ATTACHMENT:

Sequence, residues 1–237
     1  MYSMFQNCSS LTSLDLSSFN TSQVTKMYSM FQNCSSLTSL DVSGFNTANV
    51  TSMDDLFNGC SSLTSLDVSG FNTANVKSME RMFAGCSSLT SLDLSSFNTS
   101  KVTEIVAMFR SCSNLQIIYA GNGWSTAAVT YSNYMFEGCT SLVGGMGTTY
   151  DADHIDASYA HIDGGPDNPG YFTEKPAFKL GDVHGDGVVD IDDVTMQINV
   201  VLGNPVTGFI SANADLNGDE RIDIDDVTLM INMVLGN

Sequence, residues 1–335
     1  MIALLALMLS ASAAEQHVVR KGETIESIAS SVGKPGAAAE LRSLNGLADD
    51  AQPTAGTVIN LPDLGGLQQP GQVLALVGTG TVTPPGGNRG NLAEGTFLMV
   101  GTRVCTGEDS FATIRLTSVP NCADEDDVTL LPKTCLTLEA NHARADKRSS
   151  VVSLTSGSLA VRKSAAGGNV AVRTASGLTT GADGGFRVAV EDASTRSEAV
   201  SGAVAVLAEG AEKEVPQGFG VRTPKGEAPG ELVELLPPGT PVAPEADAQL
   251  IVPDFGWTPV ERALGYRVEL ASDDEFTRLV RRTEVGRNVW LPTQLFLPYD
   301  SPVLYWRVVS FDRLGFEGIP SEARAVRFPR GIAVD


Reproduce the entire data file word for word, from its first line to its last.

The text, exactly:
Sequence, residues 1–237
     1  MYSMFQNCSS LTSLDLSSFN TSQVTKMYSM FQNCSSLTSL DVSGFNTANV
    51  TSMDDLFNGC SSLTSLDVSG FNTANVKSME RMFAGCSSLT SLDLSSFNTS
   101  KVTEIVAMFR SCSNLQIIYA GNGWSTAAVT YSNYMFEGCT SLVGGMGTTY
   151  DADHIDASYA HIDGGPDNPG YFTEKPAFKL GDVHGDGVVD IDDVTMQINV
   201  VLGNPVTGFI SANADLNGDE RIDIDDVTLM INMVLGN

Sequence, residues 1–335
     1  MIALLALMLS ASAAEQHVVR KGETIESIAS SVGKPGAAAE LRSLNGLADD
    51  AQPTAGTVIN LPDLGGLQQP GQVLALVGTG TVTPPGGNRG NLAEGTFLMV
   101  GTRVCTGEDS FATIRLTSVP NCADEDDVTL LPKTCLTLEA NHARADKRSS
   151  VVSLTSGSLA VRKSAAGGNV AVRTASGLTT GADGGFRVAV EDASTRSEAV
   201  SGAVAVLAEG AEKEVPQGFG VRTPKGEAPG ELVELLPPGT PVAPEADAQL
   251  IVPDFGWTPV ERALGYRVEL ASDDEFTRLV RRTEVGRNVW LPTQLFLPYD
   301  SPVLYWRVVS FDRLGFEGIP SEARAVRFPR GIAVD